Computational Modeling

A computational model is a mathematical model functioning in software, commonly of a complex nonlinear system described by a set of equations for which there are no clear analytical solutions and that are solved numerically. A worthwhile model also enhances our ability to predict empirical results.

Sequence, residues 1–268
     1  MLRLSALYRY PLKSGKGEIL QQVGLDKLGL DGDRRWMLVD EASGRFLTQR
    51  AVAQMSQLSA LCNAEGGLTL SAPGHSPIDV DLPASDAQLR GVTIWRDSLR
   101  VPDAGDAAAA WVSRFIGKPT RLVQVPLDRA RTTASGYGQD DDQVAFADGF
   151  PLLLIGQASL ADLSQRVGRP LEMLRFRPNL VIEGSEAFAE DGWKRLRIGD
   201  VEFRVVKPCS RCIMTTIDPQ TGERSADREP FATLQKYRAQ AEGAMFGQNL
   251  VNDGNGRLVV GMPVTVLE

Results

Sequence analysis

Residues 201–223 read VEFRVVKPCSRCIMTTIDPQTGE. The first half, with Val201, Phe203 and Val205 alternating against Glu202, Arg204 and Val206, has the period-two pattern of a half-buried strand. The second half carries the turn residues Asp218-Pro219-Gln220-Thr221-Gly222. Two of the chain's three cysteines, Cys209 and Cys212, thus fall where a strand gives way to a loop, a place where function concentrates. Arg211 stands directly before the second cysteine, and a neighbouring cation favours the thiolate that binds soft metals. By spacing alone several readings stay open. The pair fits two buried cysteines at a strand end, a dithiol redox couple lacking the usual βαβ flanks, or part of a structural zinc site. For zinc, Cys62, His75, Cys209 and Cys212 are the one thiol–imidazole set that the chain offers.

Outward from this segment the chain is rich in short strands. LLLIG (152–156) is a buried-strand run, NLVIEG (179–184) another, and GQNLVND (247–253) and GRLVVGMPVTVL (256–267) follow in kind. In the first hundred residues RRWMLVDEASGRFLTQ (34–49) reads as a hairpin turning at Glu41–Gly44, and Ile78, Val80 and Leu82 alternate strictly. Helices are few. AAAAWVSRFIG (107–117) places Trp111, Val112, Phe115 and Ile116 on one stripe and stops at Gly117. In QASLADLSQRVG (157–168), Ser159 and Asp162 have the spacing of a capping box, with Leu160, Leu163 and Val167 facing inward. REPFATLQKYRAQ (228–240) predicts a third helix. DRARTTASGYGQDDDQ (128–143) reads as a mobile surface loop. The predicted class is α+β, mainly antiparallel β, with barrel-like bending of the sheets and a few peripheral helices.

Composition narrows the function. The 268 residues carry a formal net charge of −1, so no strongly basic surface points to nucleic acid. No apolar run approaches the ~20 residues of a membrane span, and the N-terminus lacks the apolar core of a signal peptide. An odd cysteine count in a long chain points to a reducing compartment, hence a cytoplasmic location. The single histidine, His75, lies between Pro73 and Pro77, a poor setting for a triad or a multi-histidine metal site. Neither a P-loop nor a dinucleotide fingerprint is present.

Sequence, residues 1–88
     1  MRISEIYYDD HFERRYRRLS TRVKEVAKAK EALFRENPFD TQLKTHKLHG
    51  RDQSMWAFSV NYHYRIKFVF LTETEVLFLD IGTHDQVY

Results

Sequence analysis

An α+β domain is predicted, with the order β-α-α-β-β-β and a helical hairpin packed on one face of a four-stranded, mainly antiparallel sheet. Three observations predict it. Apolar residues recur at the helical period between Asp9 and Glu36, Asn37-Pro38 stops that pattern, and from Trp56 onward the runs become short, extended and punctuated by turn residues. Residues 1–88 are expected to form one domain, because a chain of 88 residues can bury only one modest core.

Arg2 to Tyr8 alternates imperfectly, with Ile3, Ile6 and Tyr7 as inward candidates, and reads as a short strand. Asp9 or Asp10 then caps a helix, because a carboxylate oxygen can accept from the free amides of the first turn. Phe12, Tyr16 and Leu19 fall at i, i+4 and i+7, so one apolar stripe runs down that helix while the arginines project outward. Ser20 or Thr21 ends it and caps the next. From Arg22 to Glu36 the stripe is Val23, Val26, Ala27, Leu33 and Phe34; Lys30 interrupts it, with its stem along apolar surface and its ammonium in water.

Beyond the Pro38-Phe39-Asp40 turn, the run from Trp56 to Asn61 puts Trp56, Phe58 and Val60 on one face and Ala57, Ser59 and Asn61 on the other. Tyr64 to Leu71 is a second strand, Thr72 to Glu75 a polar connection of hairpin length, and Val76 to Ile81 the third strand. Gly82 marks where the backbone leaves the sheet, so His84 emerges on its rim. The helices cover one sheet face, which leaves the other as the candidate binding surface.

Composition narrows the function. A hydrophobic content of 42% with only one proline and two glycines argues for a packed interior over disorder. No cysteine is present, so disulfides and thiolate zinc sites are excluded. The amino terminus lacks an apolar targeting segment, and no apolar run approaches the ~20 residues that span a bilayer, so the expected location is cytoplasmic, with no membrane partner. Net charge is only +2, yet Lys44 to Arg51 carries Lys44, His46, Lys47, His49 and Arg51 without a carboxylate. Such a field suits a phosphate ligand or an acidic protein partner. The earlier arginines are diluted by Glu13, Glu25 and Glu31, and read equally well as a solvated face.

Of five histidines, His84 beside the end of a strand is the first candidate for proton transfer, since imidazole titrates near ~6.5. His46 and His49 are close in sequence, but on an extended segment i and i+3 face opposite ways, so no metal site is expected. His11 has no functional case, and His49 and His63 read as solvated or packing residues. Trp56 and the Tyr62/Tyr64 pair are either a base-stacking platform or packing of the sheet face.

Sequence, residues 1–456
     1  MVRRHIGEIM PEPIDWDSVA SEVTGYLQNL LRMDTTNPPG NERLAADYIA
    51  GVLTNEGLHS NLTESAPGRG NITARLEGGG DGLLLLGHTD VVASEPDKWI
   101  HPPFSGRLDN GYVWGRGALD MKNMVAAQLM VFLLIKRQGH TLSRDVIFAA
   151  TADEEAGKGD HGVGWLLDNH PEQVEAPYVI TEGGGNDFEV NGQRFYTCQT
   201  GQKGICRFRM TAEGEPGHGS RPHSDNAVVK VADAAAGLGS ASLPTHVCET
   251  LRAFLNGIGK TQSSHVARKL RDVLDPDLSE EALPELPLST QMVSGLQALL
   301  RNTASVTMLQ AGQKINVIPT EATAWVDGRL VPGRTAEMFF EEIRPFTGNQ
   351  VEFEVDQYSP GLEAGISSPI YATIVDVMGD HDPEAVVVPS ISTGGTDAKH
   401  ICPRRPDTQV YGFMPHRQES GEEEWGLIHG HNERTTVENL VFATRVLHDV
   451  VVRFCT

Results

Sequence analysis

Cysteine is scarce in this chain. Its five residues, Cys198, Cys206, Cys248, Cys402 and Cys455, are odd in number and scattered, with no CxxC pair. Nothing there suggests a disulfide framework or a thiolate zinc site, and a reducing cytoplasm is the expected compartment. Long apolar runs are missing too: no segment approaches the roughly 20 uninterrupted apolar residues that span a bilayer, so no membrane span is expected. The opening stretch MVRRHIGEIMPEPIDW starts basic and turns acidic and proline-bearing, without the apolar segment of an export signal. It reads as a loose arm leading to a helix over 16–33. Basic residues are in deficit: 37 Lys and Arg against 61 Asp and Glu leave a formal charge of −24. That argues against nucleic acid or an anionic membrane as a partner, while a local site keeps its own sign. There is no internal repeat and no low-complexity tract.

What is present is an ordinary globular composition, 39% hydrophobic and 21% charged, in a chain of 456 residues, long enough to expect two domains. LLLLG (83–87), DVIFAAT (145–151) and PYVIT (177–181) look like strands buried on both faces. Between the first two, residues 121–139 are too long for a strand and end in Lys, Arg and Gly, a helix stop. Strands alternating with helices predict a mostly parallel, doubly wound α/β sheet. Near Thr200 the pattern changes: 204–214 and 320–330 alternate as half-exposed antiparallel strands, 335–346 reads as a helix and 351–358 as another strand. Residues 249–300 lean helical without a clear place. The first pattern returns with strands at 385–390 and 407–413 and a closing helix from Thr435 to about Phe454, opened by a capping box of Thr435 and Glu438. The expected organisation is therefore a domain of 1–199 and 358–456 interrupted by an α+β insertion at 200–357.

In the HRC, computational modeling involves the application of theoretical methods to formalize our understanding of structures and elements within the auditory system. The theoretical methods we apply include those from electro-mechanics, circuit theory, thermodynamics, neural networks, signal processing, probability and statistics, information theory, and pattern recognition. Our construction of computational models is often closely combined with psychophysical or physiological investigations. We derive computational models from our physiological measurements of cochlear biomechanics, responses of the cochlear nucleus to complex sounds, and activity in the auditory cortical pathway during vocalization development. In addition, we use our own psychophysical studies and physiological data from outside laboratories to model the activity of auditory brainstem neurons, spatial sound perception, and the effects of hearing impairments and bilateral cochlear implants on binaural hearing abilities.

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